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Ordinal Numbers: Using First, Second, Third, Etc

Average: 3.8 (37 votes)

Level: Elementary

Ordinal numbers are easy to learn but also, easy to forget.

When objects are placed in order, we use ordinal numbers to tell their position.  If ten people ran a race, we would say that the person that ran the fastest was in first place, the next student was in second place, and so on.

Remember, ordinals are numbers we use when we want to put things in order. We normally ad 'th' to the numbers, but also sometimes 'nd' or 'st'. In the following sentences, do we need an ordinal number?

Choose the Correct Verb - Part II (harder)

Average: 2.3 (23 votes)

Yesterday we had a simple vocabulary exercise about verb tenses: Choose the Correct Verb

Today we continue with a slightly more difficult task. This time, type in the missing verb using the correct tense.

Use the correct form of the verb shown in each sentence. Only use one word per sentence.

I hope I didn't make this too easy! Who got 10/10. Which ones did you get wrong?


Choose the Correct Verb

Average: 2 (146 votes)

Choose the correct verb in each sentence. This excercise is for Pre-Intermediate English learners.

Make sure  the subject agrees with the verb and watch out for time expressions.

Link: Auxiliary Verbs in Questions

Music Lesson: 'Perfect Day'

Average: 2.7 (30 votes)

Here's a great chance to practise listening to a variety of authentic English accents. 

Listen to this classic Lou Reed song and complete the lyrics. I recommend that you listen to it once to get a feel for it and then listen to it again and type in the missing words.

You don't need to listen to the whole song. I have only included the lyrics for the first two minutes.

Do you recognise any of the famous musicians in the clip?

Do you know these homonyms?

Average: 3.3 (32 votes)

A Intermediate level lesson for you today.

Spending a lot of time on English language sites is a great way to practice your English. Leaving comments (as you can on this site) is an even better way to practise.

When writing English you should be careful of tricky homonyms.  A homonym is a word that sounds the same as another word but has a different spelling and different meaning.

For example: flower and flour

Can you write a homonym for each each word below?

Build your speaking skills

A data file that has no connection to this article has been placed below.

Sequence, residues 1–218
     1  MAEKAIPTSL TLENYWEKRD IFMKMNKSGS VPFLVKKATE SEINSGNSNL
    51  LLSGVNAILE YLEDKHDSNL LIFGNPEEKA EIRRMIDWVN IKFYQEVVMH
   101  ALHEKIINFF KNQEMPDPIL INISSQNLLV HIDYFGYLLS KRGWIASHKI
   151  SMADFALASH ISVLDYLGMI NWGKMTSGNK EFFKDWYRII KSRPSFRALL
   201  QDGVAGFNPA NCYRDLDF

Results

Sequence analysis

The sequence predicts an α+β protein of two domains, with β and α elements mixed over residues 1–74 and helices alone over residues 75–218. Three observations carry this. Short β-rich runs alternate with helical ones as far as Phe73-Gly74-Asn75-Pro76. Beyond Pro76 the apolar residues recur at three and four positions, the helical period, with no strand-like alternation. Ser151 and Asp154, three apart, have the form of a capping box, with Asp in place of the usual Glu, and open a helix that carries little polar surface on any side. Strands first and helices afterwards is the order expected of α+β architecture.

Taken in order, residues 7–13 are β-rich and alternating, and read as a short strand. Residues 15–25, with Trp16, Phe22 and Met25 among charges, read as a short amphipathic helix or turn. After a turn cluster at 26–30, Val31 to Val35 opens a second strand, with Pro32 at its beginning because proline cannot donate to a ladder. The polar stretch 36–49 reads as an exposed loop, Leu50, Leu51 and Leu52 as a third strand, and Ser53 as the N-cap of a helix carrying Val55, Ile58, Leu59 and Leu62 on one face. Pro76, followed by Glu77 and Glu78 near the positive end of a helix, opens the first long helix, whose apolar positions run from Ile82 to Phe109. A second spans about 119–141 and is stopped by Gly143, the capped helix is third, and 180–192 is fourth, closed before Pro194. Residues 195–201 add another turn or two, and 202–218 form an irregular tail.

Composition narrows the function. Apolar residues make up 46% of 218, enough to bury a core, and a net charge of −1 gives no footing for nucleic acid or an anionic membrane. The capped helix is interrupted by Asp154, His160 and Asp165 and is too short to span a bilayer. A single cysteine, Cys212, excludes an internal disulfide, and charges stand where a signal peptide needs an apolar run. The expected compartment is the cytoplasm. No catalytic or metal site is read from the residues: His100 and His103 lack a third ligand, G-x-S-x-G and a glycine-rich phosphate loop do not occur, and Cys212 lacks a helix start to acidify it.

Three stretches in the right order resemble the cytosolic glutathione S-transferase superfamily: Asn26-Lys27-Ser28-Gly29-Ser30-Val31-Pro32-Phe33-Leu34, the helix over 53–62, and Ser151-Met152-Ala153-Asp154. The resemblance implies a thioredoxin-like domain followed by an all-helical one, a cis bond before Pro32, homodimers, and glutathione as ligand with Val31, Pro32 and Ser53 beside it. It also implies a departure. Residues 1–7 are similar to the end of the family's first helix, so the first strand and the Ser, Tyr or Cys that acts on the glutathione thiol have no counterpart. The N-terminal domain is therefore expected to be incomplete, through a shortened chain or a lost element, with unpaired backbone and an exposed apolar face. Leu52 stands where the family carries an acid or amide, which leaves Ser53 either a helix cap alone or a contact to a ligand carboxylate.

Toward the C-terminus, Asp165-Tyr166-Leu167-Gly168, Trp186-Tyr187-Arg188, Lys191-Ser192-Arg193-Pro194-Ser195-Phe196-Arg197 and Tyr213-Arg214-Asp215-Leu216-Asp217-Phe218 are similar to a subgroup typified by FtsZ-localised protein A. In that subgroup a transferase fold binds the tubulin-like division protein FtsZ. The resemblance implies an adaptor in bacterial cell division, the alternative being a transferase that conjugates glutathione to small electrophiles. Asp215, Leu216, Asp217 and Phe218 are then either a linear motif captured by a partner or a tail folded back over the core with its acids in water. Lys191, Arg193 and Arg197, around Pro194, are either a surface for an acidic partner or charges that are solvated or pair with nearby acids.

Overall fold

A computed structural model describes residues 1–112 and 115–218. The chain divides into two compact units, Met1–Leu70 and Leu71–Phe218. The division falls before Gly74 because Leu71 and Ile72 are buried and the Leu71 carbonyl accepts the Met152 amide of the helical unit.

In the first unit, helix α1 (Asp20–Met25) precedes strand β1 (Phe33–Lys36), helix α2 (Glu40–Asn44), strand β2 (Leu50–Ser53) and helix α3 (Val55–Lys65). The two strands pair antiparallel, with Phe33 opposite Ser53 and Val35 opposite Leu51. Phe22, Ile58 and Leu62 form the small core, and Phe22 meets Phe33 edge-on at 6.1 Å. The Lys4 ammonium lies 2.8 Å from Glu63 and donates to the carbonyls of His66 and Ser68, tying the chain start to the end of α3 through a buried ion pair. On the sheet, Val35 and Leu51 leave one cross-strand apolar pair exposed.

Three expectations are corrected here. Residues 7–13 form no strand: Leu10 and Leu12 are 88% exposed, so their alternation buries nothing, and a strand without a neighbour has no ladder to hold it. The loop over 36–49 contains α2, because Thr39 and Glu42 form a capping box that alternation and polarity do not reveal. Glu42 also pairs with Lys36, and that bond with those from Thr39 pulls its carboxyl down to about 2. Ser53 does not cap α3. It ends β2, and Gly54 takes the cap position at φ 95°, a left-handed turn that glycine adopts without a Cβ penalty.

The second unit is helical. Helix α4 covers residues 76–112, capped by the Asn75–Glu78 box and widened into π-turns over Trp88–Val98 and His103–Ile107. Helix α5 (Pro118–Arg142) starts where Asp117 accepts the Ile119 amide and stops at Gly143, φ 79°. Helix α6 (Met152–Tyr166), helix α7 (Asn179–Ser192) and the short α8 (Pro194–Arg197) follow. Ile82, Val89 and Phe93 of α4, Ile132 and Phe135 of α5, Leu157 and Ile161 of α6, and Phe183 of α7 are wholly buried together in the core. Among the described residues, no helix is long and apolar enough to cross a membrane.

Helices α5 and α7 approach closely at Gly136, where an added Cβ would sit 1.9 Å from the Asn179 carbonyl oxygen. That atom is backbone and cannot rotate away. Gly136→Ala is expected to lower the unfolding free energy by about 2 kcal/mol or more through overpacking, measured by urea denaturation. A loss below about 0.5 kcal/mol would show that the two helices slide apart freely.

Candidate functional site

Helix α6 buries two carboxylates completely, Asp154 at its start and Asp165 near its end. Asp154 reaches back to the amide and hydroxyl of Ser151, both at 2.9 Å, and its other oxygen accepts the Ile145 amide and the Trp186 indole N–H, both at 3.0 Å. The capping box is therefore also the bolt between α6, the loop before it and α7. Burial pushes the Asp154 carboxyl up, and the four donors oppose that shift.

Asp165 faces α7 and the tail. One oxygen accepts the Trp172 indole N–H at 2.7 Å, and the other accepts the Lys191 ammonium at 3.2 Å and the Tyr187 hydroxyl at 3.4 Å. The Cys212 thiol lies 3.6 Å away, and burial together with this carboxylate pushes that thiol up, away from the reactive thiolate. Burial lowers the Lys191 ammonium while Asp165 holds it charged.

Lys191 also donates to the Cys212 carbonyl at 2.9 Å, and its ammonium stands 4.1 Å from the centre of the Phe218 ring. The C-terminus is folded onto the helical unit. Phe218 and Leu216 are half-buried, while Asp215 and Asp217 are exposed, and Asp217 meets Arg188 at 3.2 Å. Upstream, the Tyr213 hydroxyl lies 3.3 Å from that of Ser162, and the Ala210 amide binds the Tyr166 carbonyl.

Average: 3 (27 votes)

Concentrating on the basics is a good way to make sure you speak English accurately. Below are ten sentences  featuring words that students get mixed up when they talk.

I hope that this will be a good review and that you all get 10/10.

You can do it!


Go, goes, going, went or gone.

5 Fantastic Idioms!

Average: 1.4 (1223 votes)

Let's a look at some natural English idioms. Can you guess what they mean from the context? Match the idioms to their definitions. Do you have similar idioms in your language? Tell us about them.


He was beside himself when he heard he had been promoted.

If you have any ideas, I'm all ears.

We've only just started, don't throw the towel in yet.

How to write Contractions

Average: 1.9 (149 votes)

A Pre-Intermediate task for you today:

A contraction is formed by joing two other words.

An apostrophe shows where a letter or letters have been omitted (left out).

Example: it is = it's ( i is omitted).

Exception: won't is an exception. Will not becomes won't.

Write the correct contraction for each pair of missing words. When you have finished write some example sentences using contractions.


AWL - Academic Word List - the 'I's'

Average: 3.8 (18 votes)

More AWL (Academic Word List) Practice: The 'I's' have it! (This is a play on 'The ayes have it.' This latter expression means that the voice vote is in, and those in favor of a measure have won.)

Your English Questions of the Month

Average: 2.3 (9 votes)

Every month we ask our newsletter readers to send in their questions to Tim, our English teacher at EC Brighton English language school, about the English language. Here are your questions:


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November's Star Question!

Thanks to Maria Aura for this question: